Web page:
Trojan Odyssey, by Clive Cussler
After Valhalla Rising, I swore that I would read no more Cussler books… it was all just getting way, way too tacky for me, and so formulaic I felt I could guess what Dirk and Al would say to each other. But then I saw this on the 3 for 2 table, and my itchings to keep following their adventures got the better of me. Even though I knew the writing would be a bit painful, I was willing to put up with it for the sake of the adventures. And I was as right as I knew I would be: the writing was a bit boring, some bits were excruciatingly average, but the adventure was a whole lot of fun. Given the ending, I am pretty sure this will be the last Dirk Pitt adventure. I really, really hope that Cussler doesn’t think he can continue the franchise with Dirk Jnr; that would be just wrong. I’m thinking now of going back to the old books and seeing for myself whether it was me or the writing that got old. But I don’t think I will read the other Cussler series; I just don’t have the emotional attachment to the characters to be willing to put myself through it.

Bookcrossing… yay!!!

How cool is this!! Excuse my excitement, but one of the books I released yesterday has been registered as found!! Yippee!! I would guess that the others have been found too, just not registered.

I hope that I may add “not yet” into that last clause and it proves true.

Anyway, I am excited to bursting that Aeneid has been found, and the person who found it said they would read and release it!

Yay. How exciting.

Houseboat on the Styx

This was one of the books Mum got at the Walkerville Libarary/Council book sale – more about that later. She bought it on Saturday; it’s a little book, and only 170 or so pages on that lovely thick paper they used to use, so I read it all that day. It is one of the funniest little books I’ve read in a long time… and that edition was published in 1925! And it said it was the 28th impression! It’s by a guy called John Kendrick Bangs, which is hilarious in and of itself. The premise of the book is conversations between people in the ‘good’ part of Hades. Think Shakespeare, Napoleon, Nero (?!), Dryden… it was actually laugh-out-loud funny, which is fairly rare for me; Mum got a bit sick of me reading out the great one-liners before she got a chance to read it. I think the funniest bit I remember is Nero saying that the only thing he hadn’t murdered was the English language – and that directed to Dr Johnson. HA HA HA. I thought it was funny.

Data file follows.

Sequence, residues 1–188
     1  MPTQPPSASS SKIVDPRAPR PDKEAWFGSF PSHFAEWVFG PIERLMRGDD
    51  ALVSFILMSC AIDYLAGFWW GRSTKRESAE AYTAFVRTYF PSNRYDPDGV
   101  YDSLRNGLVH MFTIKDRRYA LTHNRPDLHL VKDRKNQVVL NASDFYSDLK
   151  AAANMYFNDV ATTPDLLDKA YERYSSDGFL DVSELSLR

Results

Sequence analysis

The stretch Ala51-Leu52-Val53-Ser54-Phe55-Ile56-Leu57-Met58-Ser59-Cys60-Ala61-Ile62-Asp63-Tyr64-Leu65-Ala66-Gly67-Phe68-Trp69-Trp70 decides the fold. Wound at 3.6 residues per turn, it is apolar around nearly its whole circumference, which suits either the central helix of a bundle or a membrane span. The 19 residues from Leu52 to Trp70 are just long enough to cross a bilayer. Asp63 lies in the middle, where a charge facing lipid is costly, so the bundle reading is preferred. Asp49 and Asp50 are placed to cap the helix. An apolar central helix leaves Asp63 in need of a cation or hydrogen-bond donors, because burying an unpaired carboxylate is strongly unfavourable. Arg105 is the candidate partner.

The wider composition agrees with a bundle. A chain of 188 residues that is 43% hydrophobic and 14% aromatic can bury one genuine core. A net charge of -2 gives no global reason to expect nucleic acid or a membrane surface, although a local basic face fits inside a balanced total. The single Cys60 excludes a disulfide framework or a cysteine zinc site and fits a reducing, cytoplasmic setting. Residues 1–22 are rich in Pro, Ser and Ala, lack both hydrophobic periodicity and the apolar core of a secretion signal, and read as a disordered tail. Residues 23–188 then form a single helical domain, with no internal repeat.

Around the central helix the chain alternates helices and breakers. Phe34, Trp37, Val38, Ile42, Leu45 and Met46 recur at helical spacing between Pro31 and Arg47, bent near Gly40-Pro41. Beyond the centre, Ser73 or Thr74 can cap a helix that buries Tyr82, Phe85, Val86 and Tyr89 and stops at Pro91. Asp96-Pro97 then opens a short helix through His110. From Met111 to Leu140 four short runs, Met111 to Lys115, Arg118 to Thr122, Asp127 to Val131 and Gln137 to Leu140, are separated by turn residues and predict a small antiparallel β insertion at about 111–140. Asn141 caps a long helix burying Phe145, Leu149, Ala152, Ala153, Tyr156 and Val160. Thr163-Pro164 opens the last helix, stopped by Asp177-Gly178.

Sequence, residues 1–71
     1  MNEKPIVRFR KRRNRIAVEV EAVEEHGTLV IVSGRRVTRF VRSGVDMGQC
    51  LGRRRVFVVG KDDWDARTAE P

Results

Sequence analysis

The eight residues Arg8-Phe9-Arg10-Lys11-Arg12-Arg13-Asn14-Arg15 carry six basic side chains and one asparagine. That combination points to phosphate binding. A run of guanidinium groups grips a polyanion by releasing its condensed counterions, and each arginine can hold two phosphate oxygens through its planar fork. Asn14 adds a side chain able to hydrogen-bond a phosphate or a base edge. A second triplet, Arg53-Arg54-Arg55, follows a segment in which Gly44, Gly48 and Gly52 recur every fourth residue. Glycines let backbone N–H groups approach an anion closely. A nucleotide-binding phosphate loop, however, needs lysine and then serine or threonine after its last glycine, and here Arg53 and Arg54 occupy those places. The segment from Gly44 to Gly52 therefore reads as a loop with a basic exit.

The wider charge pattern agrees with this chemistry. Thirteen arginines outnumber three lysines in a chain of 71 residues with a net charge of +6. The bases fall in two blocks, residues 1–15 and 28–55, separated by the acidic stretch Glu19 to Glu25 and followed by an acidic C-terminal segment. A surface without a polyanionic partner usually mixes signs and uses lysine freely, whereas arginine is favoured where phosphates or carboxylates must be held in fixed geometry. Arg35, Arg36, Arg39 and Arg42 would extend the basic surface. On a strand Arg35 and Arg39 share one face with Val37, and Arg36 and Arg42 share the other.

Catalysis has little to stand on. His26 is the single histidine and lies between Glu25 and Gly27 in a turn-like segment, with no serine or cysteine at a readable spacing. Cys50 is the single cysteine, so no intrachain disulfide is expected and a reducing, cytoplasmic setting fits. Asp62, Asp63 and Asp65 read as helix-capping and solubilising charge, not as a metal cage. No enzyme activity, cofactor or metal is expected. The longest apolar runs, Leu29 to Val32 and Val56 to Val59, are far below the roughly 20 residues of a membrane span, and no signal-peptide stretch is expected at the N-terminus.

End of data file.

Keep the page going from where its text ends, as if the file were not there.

I read and finished Garth Nix’s Mister Monday, and I’m excited because there will be 6 more in this series and that’s really, really cool. I am really looking forward to reading the rest.

Then, I had to choose something to read next. I had yet to find Rise of Endymion, about which I was very cranky; so I started The Gutenberg Revolution, by John Mann, which J bought me ages ago. I’ve read the introduction. Then I got restless, so I started The Ill-Made Mute by Cecilia Dart-Thornton. Interesting: a number of people have told me it’s crap, then another friend told me she really enjoyed it… so it really will be interesting to see what I think of it. I’ve read the first chapter and a half. And then…I went into the city tonight with Kate because she was involved in a reading night with her CAE class. So, I thought I’d check out Readers’ Feast in the off-chance that they might have it; no. So I bought Ilium, also by Simmons, instead to make me feel better. Then Kate had a brilliant idea: go to the CAE library! And because I have a library card with Yarra-Melbourne libraries, I can borrow there. And they did have it! Hurrah! So excited.

So I’m reading that.